Everything is symbolistic nowadays, even chairs. There is art to where your posterior parks and rests. Here are portraits of chair sitters that study both furniture and subject, and the relationship between.
Take, for example, the work of designers Verner Panton, who forces sitter to actively engage and interact. His stacking chair experimented with traditions of furniture making and material. The chair Panton designed for Nick Knight's 1995 image of a nude Kate Moss shows the unattainable social discomfort of pop culture icons.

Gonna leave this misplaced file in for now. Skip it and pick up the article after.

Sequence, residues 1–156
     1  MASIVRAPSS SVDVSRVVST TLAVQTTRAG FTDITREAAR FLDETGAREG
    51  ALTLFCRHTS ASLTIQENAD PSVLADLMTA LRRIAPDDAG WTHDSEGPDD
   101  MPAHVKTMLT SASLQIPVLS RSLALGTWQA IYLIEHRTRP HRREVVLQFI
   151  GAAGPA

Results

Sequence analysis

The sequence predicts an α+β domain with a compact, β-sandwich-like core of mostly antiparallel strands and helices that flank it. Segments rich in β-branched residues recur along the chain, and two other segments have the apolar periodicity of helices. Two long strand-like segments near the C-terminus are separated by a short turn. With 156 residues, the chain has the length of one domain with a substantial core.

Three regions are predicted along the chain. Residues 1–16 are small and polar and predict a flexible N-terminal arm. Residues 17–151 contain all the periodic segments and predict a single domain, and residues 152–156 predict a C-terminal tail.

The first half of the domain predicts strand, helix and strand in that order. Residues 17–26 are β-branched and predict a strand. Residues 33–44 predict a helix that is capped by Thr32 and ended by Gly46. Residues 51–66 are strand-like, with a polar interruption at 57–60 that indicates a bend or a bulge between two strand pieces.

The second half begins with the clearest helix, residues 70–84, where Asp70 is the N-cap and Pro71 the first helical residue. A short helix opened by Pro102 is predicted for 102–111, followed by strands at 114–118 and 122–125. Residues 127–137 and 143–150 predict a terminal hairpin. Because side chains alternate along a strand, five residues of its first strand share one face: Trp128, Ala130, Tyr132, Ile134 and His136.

Then there's Arne Jacobsen's Drop chair, designed for a hotel. Room 606 is the last surviving interior of the SAS building, and the hotel became more of an artistic shrine. Designer-lovers set this area as a destination to witness Jacobsen's sculptural furniture design. Another designer is Eero Aarnio, who over-replicated the 1962 Ball chair, which is one of the iconic Scandinavian furniture designs. The spherical furniture marks as Aarnio's desire to go beyond the boundaries of interior design. True, as it now became a postmodernist aesthetic. Then there's the toadstool of Nanna and Jorgen Ditzel, catering to the pre-teen demographic and hoping to see changes in how children can experience design by catering to their imagination and creativity than harming it.
Images are from Another Magazine.